Emerging from a private meeting at the White House, Sen. Bernie Sanders said Monday that he and President Joe Biden are on the same page as Democrats draft a “transformative” infrastructure package unleashing more than $3.5 trillion in domestic investments on par with the New Deal of the 1930s.
Sanders, chairman of the Senate Budget Committee, and Democrats on his panel also huddled privately at the Capitol for two hours late Monday with Senate Majority Leader Chuck Schumer, D-N.Y., and key White House advisers during a consequential time for Biden’s top priority. Congress is racing to put together a sweeping proposal financing infrastructure, family assistance and other programs for initial votes later this month.
Sanders, I-Vt., said he had a “very good discussion” with Biden .
“He knows and I know that we’re seeing an economy where the very, very rich are getting richer while working families are struggling,” Sanders told reporters.
Sanders said he and the president did not discuss a topline figure, but the Vermont senator mentioned his own more far-reaching $6 trillion proposal, which includes expanding Medicare for older adults. Later at the Capitol, he told reporters that the Democrats’ package would be bigger than $3.5 trillion, an amount floated as in line with Biden’s initial proposal.
“The end of the day we’re going to accomplish something very significant,” Sanders said.
After Democrats’ evening meeting at the Capitol, Sanders said lawmakers were still discussing overall spending and other figures.
“What we’re trying to do is a multitrillion-dollar bill which is going to address long neglected problems of the working families in this country” and the problem of climate change, he told reporters.
Other lawmakers said senators would meet again Tuesday.
Biden’s big infrastructure proposals are moving through Congress on various tracks — each potentially complementing or torpedoing the other.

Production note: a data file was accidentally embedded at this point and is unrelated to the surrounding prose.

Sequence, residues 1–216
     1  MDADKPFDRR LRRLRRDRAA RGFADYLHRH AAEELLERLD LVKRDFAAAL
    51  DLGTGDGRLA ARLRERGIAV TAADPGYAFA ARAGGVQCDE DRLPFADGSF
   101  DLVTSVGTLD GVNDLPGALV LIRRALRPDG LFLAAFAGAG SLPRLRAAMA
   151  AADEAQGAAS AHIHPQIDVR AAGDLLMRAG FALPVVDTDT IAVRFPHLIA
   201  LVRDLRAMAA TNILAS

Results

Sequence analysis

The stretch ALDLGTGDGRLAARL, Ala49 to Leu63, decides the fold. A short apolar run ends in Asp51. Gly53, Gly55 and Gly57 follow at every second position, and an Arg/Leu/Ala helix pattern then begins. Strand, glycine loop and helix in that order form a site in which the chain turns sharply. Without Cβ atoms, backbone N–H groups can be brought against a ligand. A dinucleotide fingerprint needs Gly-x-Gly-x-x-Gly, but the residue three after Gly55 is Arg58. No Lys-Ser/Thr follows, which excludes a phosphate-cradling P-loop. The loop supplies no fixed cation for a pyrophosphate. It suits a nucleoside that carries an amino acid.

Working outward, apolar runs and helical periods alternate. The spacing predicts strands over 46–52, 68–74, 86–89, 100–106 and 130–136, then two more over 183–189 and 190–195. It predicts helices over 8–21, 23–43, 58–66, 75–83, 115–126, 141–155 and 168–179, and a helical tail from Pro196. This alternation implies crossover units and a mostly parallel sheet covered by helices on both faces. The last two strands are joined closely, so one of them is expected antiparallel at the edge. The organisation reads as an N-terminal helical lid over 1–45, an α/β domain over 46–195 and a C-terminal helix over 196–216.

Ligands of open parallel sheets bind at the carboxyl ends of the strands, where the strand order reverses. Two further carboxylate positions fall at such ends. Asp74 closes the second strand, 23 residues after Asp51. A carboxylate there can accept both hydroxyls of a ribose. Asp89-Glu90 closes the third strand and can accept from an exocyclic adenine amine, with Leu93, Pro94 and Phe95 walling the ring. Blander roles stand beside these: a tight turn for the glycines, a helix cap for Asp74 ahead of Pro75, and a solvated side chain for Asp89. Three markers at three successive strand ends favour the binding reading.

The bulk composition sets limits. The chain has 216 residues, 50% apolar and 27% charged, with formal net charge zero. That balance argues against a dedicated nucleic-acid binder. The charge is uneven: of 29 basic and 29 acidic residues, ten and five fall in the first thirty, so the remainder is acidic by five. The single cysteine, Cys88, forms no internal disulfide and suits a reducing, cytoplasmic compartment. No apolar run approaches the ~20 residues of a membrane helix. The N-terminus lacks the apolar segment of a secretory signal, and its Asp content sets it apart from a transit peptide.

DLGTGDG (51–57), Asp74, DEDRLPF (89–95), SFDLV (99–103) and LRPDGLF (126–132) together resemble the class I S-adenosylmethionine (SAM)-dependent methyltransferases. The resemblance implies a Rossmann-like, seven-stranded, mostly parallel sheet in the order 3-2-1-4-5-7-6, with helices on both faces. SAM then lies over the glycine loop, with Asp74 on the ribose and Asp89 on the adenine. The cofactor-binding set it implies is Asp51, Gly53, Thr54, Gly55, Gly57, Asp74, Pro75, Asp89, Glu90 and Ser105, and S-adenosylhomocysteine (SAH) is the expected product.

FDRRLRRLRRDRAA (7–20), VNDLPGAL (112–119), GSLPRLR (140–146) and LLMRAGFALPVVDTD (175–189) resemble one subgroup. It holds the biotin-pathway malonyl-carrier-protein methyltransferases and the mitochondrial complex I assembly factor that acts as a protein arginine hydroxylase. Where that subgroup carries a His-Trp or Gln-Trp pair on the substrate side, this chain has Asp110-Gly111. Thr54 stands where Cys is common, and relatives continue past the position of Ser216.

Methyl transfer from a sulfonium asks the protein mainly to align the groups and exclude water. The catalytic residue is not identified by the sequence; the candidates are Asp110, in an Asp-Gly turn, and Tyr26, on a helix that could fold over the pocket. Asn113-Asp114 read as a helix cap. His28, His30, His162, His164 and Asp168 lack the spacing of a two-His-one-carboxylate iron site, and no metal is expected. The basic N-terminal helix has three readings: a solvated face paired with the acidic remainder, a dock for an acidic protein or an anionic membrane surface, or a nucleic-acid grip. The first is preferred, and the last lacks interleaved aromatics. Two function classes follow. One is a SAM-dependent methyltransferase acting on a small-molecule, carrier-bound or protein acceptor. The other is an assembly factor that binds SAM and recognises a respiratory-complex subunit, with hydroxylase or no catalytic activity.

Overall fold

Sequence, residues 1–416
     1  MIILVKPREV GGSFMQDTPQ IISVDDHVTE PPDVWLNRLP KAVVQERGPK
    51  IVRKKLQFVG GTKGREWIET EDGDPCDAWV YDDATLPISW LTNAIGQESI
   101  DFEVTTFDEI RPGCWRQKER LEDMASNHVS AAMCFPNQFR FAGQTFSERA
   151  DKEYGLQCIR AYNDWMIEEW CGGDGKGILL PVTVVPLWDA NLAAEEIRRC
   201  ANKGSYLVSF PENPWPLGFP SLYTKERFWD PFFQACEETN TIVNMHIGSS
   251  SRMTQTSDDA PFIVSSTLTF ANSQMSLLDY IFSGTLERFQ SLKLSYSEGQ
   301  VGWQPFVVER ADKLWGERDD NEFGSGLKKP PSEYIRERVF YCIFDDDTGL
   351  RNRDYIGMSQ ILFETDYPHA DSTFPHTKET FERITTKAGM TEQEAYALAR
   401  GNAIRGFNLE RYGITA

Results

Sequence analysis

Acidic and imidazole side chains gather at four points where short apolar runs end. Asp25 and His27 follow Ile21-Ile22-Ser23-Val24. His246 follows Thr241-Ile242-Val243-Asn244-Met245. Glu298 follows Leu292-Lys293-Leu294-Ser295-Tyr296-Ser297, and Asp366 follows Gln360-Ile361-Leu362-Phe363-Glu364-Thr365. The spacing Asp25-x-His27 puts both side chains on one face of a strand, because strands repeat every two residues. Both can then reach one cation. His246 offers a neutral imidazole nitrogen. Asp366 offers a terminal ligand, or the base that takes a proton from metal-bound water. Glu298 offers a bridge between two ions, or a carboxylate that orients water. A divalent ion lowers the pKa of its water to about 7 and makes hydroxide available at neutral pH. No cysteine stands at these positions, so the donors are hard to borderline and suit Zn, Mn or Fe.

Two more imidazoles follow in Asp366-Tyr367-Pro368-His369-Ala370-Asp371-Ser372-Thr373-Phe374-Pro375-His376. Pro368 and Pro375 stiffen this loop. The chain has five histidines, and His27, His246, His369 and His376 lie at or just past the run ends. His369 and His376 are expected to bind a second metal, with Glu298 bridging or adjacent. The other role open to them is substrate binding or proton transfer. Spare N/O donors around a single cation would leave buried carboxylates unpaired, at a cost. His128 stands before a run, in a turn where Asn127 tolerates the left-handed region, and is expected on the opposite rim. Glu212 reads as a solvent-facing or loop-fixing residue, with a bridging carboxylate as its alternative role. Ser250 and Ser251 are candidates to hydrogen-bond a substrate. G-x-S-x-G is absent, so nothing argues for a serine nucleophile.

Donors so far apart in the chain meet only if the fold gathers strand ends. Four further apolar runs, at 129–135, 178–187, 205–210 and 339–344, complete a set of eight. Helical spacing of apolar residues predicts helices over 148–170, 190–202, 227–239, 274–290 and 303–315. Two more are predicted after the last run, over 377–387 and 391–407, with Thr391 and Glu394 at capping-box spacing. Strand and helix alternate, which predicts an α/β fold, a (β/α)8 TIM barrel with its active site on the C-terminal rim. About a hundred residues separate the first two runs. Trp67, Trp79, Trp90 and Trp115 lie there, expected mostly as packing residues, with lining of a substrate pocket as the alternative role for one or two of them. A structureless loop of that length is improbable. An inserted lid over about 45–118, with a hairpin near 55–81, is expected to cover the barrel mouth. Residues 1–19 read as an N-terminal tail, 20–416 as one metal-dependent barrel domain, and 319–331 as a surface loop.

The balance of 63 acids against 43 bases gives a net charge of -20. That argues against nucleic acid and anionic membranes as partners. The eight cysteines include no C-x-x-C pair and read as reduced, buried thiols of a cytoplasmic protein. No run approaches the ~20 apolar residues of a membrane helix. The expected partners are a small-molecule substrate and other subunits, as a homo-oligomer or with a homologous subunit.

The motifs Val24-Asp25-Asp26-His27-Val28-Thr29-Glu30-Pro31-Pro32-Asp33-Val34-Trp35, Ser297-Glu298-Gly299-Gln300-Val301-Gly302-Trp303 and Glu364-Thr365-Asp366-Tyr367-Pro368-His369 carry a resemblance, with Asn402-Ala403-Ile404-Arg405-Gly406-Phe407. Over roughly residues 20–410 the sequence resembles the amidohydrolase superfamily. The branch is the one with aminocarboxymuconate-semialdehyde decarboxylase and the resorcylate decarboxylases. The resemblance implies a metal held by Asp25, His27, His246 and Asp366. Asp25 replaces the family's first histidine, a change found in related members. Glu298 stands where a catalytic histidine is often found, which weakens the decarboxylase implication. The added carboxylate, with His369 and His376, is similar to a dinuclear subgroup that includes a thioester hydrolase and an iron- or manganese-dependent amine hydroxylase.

A bipartisan group of 10 senators unveiled a nearly $1 trillion package of traditional infrastructure for roads, bridges, broadband and some climate change investments in electric vehicles and resiliency for extreme weather conditions.
Senators in the bipartisan group are struggling to draft their proposal into legislation but hope to have a bill ready as soon as this week. Disagreements are emerging over how to pay for it.
“Pay-fors are still up in the air,” said Sen. Mike Rounds, R-S.D.
The rest of Biden’s ideas are being collected into the much broader multitrillion-dollar package that could be approved by Democrats on their own under a special budget reconciliation process that allows passage with 51 votes in the Senate, rather than the typical 60-vote threshold that’s needed to overcome a Senate filibuster.
Sanders, as chair of the Budget Committee, has been leading his colleagues in a series of private conversations. A one-time Biden rival for the presidency, Sanders now holds an influential position shaping the president’s top priority.
“My job is to do everything I can to see that the Senate comes forward with the strongest possible legislation to protect the needs of the working families of this country,” Sanders said at the White House.
Associated Press reporters Alan Fram and Kevin Freking in Washington contributed to this report.